November 6, 2017
In the 1880s, the great philosopher Friedrich Nietzsche wrote:
“Our era is an era of frenzy, and for this precise reason it is not an era of passion. It heats up constantly because it feels cold – essentially, it freezes.”
The same could be said about our Europe in 2017: it is frozen. We are very far from the ‘creative human power’ that Nietzsche promised.
The future of European society is in the hands of activists
In 2005, my book European Lobbying included a whole chapter on the organisation and strategy of NGOs. Notably, I wrote that “for many reasons (credibility, communication, decision-making ability, project management), NGOs have gained considerable influence in Brussels. To be more precise, the average influence of an NGO is greater than that of a trade association.”
12 years on, NGOs are dictating the agenda of the European Union. While the role of civil society in democratic debate is essential, it is fringe NGO activists that are on the march, working to move the EU back to the era of the pony and trap. The glyphosate issue is a prime example of this.
What about the farmers? They are engaging in ‘rake-style lobbying’: maize one day, beetroot the next, then cereals. The fruit, vegetable and vineyard sectors let arable crop players fight alone on the battlefront, as they would like to keep their own use of glyphosate out of the public eye. Unlike NGOs who utilise local grassroots, farmers’ unions are incapable of exploiting the network of 12 million families it represents across Europe.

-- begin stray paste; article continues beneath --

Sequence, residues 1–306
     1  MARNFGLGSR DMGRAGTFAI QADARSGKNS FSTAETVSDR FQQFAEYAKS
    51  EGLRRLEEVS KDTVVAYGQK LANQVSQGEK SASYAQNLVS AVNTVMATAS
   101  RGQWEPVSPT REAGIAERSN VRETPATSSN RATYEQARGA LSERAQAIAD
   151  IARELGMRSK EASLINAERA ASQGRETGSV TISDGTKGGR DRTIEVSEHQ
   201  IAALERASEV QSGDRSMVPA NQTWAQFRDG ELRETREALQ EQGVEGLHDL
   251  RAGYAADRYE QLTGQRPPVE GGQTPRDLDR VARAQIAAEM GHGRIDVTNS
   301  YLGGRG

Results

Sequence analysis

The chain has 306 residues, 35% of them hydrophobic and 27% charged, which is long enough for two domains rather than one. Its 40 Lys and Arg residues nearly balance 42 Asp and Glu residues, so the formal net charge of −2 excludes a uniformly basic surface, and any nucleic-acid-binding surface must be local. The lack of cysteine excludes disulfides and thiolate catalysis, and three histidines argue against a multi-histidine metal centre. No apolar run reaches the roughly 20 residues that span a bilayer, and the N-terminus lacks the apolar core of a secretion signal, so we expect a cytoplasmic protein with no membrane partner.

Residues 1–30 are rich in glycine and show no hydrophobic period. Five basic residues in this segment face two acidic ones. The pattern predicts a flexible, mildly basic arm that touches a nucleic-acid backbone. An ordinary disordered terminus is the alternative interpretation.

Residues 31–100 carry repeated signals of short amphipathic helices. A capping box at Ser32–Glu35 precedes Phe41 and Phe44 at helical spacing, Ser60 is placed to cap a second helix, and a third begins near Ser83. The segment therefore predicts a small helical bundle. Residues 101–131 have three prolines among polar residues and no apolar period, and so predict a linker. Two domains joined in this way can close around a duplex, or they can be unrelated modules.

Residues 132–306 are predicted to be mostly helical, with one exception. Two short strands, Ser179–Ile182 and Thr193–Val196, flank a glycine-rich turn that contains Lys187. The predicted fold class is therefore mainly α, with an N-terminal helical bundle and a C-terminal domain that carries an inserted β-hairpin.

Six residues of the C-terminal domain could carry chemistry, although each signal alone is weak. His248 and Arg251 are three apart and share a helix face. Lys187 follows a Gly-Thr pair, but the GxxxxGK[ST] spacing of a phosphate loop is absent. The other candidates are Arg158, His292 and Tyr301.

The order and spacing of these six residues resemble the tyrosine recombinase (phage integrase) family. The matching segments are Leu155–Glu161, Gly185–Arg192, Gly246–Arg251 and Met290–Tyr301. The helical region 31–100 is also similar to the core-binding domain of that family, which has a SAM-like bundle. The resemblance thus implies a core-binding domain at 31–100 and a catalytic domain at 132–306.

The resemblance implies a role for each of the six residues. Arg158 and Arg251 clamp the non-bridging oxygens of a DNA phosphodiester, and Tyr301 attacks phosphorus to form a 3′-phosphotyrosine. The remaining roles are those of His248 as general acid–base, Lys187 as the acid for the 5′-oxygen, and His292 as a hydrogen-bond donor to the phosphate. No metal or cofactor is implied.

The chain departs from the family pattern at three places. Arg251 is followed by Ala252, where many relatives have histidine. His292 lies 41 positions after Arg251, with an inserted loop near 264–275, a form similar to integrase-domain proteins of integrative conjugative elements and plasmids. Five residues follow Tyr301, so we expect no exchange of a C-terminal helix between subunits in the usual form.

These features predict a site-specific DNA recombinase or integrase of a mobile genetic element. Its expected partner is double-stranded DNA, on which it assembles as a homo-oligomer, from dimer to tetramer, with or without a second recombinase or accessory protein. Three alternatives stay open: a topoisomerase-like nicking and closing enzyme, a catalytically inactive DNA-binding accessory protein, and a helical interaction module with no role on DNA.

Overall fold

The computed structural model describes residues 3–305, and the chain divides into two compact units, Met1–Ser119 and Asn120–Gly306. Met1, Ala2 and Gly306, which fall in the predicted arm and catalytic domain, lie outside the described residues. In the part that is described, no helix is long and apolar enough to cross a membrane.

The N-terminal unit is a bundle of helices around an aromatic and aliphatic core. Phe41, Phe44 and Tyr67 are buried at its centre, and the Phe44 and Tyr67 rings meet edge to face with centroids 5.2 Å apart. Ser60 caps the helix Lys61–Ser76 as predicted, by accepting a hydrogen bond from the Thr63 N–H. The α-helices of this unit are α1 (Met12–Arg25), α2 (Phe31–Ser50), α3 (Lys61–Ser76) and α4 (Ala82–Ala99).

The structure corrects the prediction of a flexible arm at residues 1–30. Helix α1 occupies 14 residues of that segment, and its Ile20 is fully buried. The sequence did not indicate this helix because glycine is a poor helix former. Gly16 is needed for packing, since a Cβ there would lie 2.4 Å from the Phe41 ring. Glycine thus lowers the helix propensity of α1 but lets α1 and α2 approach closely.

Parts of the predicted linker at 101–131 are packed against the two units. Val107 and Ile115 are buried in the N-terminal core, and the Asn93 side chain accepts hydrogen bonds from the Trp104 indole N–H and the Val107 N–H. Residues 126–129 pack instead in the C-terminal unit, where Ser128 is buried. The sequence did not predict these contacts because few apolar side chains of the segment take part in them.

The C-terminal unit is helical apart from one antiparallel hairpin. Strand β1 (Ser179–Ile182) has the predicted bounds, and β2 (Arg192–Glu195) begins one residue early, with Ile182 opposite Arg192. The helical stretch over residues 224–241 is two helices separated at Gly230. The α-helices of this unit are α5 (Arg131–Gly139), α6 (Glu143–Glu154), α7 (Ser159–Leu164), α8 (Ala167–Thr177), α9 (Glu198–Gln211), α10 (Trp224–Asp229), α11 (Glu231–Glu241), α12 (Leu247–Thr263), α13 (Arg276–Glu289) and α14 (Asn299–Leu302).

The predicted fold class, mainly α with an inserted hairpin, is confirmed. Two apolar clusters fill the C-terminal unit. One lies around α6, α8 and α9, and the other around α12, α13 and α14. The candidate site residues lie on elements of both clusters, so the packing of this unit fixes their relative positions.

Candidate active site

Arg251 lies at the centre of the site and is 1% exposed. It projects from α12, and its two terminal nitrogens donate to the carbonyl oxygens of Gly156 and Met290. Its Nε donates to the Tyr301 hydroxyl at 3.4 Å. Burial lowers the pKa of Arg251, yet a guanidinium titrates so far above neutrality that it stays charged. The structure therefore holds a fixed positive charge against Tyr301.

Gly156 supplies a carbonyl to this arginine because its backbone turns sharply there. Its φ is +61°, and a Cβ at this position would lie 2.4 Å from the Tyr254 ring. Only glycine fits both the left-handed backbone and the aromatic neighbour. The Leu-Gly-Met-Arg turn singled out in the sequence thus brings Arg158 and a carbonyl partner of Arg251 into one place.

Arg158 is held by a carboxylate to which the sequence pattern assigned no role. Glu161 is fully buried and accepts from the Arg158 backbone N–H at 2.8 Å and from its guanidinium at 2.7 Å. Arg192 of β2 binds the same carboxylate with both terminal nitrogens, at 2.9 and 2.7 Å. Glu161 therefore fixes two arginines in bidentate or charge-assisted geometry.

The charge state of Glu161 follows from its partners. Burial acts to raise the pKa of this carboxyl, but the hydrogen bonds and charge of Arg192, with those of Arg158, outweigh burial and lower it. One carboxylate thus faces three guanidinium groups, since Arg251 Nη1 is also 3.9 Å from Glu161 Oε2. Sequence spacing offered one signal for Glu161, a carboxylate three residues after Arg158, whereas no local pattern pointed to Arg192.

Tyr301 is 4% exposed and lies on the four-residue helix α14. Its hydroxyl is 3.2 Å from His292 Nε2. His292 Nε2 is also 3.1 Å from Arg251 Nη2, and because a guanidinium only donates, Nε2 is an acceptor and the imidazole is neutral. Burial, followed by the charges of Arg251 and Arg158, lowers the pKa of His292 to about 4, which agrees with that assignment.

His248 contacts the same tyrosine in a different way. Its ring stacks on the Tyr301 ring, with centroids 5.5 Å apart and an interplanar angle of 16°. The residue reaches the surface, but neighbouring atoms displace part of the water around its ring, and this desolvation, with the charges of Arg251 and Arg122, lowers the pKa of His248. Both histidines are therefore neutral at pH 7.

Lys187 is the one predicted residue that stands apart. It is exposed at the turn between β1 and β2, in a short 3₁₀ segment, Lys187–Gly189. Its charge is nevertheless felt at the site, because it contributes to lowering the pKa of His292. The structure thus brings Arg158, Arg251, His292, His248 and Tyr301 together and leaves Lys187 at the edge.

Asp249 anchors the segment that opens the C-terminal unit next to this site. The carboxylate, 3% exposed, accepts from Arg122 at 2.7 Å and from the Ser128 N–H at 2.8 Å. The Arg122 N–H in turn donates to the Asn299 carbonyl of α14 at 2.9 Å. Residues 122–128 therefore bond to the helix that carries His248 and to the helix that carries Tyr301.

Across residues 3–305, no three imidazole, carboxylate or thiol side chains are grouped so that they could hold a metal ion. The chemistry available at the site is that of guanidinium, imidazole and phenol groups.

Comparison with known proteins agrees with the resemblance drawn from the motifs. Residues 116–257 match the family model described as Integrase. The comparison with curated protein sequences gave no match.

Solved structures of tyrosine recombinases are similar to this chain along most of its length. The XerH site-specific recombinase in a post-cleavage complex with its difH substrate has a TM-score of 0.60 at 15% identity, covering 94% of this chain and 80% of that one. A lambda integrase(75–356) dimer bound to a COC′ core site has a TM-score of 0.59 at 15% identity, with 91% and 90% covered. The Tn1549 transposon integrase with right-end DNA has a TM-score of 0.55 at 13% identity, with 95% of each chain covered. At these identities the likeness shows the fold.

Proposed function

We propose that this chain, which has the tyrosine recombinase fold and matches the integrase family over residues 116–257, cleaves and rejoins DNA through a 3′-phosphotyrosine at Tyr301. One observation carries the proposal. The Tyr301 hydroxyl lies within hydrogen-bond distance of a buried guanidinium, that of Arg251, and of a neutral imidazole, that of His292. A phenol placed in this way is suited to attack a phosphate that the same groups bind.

What about industry? The pesticides sector is mixing public relations and lobbying, two things that have nothing in common. The most recent letter, addressed disastrously to “Dear policy-maker” and clearly drafted by communications people, constitutes the epitome of bad lobbying. For 15 years, NGOs have known how to make their letters personalised, targeted and up-to-date. In lobbying, the personal factor trumps communication budgets.
What about EFSA and ECHA? Just like the FDA (US Food and Drug Administration) and Japan’s Food Safety Commission, the European Food Safety Authority (EFSA) and the European Chemicals Agency (ECHA) have given positive opinions on glyphosate. Their views are dismissed on a daily basis, their experts derided. Who defends them? No-one. Are they defending themselves? Not anymore.
What about the European Commission? Despite having the power of initiative, drafting and implementation, the Commission is keeping a low profile, somehow tending towards the lowest common demoninator. Even though it has the right to take a decision when Member States are divided, it is making every effort to run from this responsibility. After all, the Commission likes power, but not pressure.
What about journalists? Their sole excuse is that the decision-making process for pesticides and other plant protection products is too complex and difficult to understand. The leading journalists in the glyphosate file are clearly activists whose arguments other journalists take up repeatedly without any critical analysis.
Coming back to Nietzsche, what is missing in all of this is the ‘creative human power’; in other words, the ability to move away from the caricatured black-and-white viewpoints that plague issues like glyphosate. A skittish Europe is distrustful of science. “Even when founded on science, decisions can only be political,” as written in a 27 October editorial by Le Monde, a newspaper that is often misguided on these topics. We are seeing a march against the tide of history and society, against the spirit and letter of the EU Treaties.